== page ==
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JEA Gives Utility Customers Bill Credit To Lower Average May Electric Bill By $25

JEA Downtown Headquarters
Bill Bortzfield
JEA said with the $25 credit, the average electricity bill would drop to around $85.

JEA customers should expect a significantly cheaper electric bill in May.  

The JEA Board of Directors met virtually Friday afternoon to discuss a way they can help customers during the coronavirus pandemic. They decided to implement a bill credit for May, which they say will lower the average customers utility bill by around $25.

“We've experienced lower fuel prices of late and tremendous efficiency of our generating fleet and system dispatch, which has led to improved operations and created an opportunity to share these savings with our customers,” said Joe Orfano, JEA’s Interim CFO.

Related: Local, State And National Coronavirus Coverage

JEA puts up to 15% of its fuel costs aside to protect customers against price spikes. But if fuel prices drop - as they have - then JEA returns that savings to customers.

Normally, Orfano said, that money would be spread out over the course of the year, but the COVID-19 crisis has changed their thinking.

“In the last few years, we've opted to lower the fuel rate, but at this time and during this pandemic, we believe that this is the right thing to do for our customers,” Orfano said. 

According to a presentation from JEA, the average residential customer’s electric bill is $108.50. With the fuel credit of $24.96, the bill would drop to $83.54, saving a customer 23% on their May utility bill. 

Credit Via JEA
According to this presentation, the average monthly bill would drop by $24.96.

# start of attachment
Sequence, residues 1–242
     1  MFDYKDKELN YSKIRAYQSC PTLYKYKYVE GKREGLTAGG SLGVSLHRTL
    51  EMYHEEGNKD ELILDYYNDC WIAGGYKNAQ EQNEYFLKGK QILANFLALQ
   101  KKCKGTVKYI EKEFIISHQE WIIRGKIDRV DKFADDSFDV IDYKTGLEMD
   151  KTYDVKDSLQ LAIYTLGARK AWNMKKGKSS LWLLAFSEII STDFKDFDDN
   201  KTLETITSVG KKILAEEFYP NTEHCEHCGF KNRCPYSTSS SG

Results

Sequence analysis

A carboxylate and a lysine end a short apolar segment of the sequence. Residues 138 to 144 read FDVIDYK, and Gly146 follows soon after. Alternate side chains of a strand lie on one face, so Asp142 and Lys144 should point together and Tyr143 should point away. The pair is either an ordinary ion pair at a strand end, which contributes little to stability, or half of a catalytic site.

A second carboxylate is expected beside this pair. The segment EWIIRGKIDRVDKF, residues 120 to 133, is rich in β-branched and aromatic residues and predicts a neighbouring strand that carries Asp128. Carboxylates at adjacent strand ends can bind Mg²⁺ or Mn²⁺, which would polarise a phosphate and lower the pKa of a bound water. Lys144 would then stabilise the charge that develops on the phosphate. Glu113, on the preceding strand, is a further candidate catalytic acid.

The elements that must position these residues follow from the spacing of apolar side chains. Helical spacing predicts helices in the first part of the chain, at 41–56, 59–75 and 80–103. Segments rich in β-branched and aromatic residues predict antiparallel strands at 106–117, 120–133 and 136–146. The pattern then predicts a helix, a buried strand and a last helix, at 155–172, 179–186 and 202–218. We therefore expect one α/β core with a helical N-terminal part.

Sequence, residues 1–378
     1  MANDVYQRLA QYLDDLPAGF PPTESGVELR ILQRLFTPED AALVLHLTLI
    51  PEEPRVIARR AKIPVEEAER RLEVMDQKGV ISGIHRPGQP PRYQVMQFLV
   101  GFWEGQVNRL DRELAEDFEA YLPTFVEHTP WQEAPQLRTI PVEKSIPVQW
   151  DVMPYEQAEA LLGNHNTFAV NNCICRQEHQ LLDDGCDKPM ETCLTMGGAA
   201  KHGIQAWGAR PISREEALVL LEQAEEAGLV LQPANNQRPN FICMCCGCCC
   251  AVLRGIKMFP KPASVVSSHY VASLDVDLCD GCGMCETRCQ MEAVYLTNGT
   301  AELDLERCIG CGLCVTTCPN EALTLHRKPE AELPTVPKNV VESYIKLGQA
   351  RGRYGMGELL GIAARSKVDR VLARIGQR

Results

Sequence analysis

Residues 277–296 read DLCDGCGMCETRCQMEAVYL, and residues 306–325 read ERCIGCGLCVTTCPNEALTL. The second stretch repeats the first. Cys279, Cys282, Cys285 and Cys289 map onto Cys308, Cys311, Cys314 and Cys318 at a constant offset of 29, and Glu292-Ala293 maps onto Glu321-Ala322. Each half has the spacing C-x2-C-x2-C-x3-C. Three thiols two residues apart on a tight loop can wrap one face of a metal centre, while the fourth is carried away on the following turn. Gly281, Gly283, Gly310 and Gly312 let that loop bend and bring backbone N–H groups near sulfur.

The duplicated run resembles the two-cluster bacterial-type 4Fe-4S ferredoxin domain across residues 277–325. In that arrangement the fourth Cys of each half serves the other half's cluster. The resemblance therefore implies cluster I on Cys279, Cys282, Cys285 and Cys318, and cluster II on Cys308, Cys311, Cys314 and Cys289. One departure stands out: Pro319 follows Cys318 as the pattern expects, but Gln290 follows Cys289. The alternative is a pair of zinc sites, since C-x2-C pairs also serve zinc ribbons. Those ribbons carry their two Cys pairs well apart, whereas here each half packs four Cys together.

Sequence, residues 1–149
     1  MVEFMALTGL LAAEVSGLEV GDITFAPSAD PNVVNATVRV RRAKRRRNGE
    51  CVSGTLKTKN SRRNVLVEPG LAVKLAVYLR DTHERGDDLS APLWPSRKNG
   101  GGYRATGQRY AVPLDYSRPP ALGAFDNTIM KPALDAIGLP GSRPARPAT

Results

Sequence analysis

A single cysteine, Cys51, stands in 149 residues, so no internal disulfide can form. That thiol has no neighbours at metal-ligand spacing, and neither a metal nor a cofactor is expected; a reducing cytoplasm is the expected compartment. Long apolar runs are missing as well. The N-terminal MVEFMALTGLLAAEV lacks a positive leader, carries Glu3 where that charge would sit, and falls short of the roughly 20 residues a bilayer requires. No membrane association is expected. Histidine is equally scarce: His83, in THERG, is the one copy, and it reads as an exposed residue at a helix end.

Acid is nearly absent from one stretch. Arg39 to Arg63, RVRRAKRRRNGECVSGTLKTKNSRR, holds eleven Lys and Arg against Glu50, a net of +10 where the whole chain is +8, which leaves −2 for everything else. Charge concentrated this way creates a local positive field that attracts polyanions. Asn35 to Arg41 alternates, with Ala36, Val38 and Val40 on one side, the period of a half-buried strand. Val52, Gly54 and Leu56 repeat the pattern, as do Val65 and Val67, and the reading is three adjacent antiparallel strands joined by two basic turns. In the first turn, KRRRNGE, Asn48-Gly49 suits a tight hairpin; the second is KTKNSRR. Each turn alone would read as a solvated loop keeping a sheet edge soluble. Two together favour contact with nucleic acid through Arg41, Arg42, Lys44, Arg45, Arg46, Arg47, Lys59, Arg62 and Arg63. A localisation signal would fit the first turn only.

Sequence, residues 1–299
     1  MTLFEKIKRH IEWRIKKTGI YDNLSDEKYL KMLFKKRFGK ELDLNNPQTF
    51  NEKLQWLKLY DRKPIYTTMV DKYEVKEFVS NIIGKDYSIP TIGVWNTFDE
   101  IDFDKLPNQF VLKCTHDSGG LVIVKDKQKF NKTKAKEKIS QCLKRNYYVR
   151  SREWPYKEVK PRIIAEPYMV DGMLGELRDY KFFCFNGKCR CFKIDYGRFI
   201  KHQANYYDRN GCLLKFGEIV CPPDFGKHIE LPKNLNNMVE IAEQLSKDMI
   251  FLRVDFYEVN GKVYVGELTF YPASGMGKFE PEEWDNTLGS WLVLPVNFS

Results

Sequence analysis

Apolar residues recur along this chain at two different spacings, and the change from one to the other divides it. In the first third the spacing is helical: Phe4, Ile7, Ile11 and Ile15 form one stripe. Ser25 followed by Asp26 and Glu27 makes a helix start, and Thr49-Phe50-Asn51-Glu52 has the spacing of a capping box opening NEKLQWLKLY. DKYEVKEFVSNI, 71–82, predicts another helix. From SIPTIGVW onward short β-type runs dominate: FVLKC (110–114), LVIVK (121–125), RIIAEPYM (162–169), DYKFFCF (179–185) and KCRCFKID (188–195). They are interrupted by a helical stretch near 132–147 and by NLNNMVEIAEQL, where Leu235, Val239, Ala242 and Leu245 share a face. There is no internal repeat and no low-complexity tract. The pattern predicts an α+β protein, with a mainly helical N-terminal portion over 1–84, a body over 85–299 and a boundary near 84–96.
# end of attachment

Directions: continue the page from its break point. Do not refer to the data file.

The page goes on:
JEA officials also say they will launch a communications campaign to tell customers if they would rather pass on those savings to people who are more in need, there are options to do that.

“We will provide suggestions to make it easy for them to share their credit with others impacted by the COVID-19 pandemic,” said Kerri Stewart, the VP and Chief Customer Officer. 

Stewart said JEA officials considered giving customers a physical check, but that would increase the chance of complications.

“Checks may get lost in routes or within the household,” Stewart said.  “Customers would have to call JEA for a replacement check, which happens with our current check cashing process. Now, a portion of our customers do not have bank accounts. So they’d have to pay a fee to cash the check and would have to go out in public into a public building to cash that check.” 

Credit Via JEA
JEA listed the pros and cons of each potential payout to customers, ultimately deciding the bill credit would be the best option.

JEA also considered a prepaid debit card, but there would be a service fee involved, and the vendor couldn’t commit to getting the cards out by the middle of May. 

Interim CEO Melissa Dykes also confirmed that JEA will not disconnect service or waive late fees during the pandemic. If customers are having trouble paying their bills, Dykes said they are encouraged to call (904) 665-6000 to arrange a payment plan or connect with other community resources. 

“In the meantime, we continue to provide our customers with tips on water conservation and ways to save money while sheltering at home for both electric and water,” Dykes said. 

Beginning Monday, April 6, the credit card fee charged by third-party vendors will also be waived for an undetermined amount of time.

As for JEA workers, Dykes said employees that can work from home currently are, and those that can’t are working on staggered schedules to make employee gatherings smaller. JEA is providing personal protective equipment and hand sanitizer to all employees on-site and in the field. 

Since JEA employees are considered essential, those who are suspected of having COVID-19 can receive priority screening at the Duval County Department of Health, Mayo Clinic and UF Health Jacksonville.  

Sky Lebron can be reached at, 904-358-6319 or on Twitter at@SkylerLebron.

Former WJCT News reporter